By 1889, Parker Brothers would grow large enough to buy Mansion of Happiness publisher W.&S.B. Ives Company, bringing the whole thing full circle. Secular games hadn’t just exploded, they’d bought out their moralizing predecessors.
But George Parker wasn’t the only board game publisher interested in capturing the new, capitalistic era of American life. In 1860, a minister’s son named Milton Bradley developed his own version of the Mansion of Happiness, known as The Checkered Game of Life. Like its predecessor, The Checkered Game of Life was a moralistic game of vices and virtues, but instead of working toward paradise, Bradley’s game ended on “Happy Old Age.”
The point was that Protestant ethics, while also reaping a spiritual reward, led to earthly prosperity. When the Civil War started, Bradley developed a pocket-sized game kit that included versions of chess, checkers, backgammon, dominoes, and his own Game of Life. The set, extremely popular among soldiers, spread the new game across the United States and has remained in print almost continually. Milton Bradley reissued the game in 1960 under the simpler title The Game of Life, later simply shortened to Life. Along the way, it shed any pretense toward religion.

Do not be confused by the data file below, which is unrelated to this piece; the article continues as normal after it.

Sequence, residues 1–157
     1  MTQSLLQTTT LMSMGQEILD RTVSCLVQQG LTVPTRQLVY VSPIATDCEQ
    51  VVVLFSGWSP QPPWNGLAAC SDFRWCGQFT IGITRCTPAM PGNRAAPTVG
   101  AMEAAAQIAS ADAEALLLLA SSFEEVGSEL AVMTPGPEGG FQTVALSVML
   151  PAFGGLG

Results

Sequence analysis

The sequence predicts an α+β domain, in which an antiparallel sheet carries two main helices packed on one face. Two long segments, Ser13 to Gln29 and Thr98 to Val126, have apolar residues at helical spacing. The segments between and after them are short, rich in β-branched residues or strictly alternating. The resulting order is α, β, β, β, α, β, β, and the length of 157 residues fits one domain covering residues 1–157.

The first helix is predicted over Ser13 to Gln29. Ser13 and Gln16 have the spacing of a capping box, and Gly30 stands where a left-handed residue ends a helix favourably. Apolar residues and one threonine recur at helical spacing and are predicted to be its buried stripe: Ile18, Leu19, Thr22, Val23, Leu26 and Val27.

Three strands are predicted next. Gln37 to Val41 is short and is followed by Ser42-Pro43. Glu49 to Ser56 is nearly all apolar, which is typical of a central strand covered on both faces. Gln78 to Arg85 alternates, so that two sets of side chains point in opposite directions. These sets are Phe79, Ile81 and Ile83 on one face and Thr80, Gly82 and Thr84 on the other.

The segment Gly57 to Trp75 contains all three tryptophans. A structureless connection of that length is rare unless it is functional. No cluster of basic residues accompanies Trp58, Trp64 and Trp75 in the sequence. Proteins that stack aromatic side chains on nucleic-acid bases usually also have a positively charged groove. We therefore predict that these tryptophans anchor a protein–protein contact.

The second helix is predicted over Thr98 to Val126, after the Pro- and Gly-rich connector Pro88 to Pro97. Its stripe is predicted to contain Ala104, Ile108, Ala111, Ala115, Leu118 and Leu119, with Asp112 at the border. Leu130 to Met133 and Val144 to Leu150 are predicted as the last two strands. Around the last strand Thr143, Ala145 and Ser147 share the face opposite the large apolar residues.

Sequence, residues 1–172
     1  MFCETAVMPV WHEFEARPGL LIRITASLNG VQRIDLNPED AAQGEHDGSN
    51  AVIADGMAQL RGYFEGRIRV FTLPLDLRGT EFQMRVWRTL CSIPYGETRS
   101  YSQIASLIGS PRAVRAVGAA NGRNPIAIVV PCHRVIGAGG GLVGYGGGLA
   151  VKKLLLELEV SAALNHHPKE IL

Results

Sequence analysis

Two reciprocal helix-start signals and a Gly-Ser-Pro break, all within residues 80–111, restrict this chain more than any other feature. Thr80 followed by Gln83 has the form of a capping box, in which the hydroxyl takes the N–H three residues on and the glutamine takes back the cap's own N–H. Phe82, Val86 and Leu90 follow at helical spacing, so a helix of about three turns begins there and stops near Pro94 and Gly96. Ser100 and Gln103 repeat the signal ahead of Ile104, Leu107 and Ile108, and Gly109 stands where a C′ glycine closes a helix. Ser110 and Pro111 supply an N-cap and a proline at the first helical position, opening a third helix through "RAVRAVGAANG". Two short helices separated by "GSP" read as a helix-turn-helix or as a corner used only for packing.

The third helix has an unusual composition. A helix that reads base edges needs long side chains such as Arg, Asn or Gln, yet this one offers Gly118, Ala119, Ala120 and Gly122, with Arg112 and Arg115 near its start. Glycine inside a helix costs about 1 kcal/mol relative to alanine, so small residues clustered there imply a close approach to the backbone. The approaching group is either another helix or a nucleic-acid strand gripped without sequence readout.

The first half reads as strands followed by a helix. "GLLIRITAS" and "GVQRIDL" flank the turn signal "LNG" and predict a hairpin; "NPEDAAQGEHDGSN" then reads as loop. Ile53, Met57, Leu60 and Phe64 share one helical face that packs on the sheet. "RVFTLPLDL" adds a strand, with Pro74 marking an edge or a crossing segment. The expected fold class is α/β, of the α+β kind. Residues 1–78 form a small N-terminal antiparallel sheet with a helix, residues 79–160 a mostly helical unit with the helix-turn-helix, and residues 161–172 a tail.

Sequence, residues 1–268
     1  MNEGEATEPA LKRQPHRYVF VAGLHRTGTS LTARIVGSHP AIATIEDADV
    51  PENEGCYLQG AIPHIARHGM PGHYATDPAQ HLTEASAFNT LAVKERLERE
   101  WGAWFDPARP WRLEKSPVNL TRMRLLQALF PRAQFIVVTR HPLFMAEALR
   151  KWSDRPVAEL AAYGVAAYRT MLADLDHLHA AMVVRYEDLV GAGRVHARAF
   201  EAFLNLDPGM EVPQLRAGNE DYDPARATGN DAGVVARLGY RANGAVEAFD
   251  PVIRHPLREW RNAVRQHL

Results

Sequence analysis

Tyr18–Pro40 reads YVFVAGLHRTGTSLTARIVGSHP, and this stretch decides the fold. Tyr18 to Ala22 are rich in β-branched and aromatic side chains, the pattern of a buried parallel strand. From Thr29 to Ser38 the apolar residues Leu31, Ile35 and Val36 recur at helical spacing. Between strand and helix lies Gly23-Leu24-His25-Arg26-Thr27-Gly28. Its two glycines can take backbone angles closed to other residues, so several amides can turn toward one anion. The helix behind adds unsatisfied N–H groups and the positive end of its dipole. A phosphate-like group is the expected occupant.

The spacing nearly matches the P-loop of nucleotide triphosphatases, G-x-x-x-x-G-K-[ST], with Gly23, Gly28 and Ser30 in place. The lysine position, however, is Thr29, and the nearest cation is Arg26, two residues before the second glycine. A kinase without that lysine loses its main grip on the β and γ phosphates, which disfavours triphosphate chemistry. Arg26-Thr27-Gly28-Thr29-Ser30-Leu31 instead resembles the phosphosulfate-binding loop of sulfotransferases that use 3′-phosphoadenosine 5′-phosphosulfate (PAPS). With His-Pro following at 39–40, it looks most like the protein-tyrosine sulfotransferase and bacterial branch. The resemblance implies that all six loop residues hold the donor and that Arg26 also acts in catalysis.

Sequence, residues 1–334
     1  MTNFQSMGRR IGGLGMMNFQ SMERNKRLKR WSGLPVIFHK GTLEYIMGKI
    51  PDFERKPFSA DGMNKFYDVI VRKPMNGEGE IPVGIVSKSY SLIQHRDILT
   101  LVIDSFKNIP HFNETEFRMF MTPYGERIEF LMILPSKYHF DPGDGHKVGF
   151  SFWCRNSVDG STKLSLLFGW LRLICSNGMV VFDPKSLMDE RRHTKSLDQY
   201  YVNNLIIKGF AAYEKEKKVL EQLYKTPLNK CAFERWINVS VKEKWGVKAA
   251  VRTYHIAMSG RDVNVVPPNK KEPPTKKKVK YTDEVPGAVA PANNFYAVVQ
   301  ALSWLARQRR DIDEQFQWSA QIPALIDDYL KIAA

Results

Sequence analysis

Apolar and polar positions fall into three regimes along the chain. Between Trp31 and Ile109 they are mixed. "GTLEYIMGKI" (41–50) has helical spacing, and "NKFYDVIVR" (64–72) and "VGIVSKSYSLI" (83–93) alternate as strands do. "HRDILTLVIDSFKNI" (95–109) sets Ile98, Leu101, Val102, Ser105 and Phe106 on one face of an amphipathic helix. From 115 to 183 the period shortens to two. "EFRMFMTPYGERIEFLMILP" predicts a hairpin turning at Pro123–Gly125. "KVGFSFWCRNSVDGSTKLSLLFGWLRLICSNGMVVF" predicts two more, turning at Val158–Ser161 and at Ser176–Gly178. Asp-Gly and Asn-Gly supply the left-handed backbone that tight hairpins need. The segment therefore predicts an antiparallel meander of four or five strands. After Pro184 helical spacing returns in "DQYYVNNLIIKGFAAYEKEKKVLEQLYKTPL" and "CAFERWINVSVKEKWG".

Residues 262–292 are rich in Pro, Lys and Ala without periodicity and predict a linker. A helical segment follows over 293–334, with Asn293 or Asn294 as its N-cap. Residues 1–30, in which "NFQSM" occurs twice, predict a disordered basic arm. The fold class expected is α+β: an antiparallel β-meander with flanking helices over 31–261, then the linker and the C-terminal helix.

By the 1880s, this secularization of board games was in full swing. This sudden movement away from religious life and toward capitalism wasn’t merely in the realm of entertainment. The advent of cities and industrial careers created an entire generation of upwardly mobile workers, meaning for the first time many workers—including women—could act independently from their family.
In an environment of 52-hour workweeks, people were less likely to spend their single day off at worship. The trend was particularly noticeable among Jewish refugees who emigrated to New York, fleeing persecution in Tsarist Russia. Within a generation, most abandoned traditional religious observances and clothing, opting to work on Saturdays and spend Sundays enjoying the fruits of their new freedom.
Added to this was a hunger for media about themes that affected people’s lives. Beginning in 1868, novelist Horatio Alger authored a string of rags-to-riches bestsellers about poor boys persevering through adversity to attain wealth and success.
McLoughlin Brothers decided to ride the Alger wave with their Game of the District Messenger Boy. In this twist on the Alger model, the players all started as telegraph messenger boys on the outer ring of a circular game board. But unlike Mansion of Happiness and The Game of Life, players spiraled their way toward the center of the corporate web, gaining promotion until the winner became head of the corporation. According to the 2001 Antiques article, companies jumped on the bandwagon, publishing games like The Office Boy, The Errand Boy, and Cash.
Accompanying this explosion of Alger games was a new interest in the financial industry. By the 1880s, America had emerged from a decade-long recession and once again saw bankers as inspirational figures rather than villains. In 1883 (the same year as Parker’s Banking) McLoughlin Brothers published Bulls and Bears: The Great Wall Street Game, a fanciful game of betting on commodity gains and losses as determined by a spinner.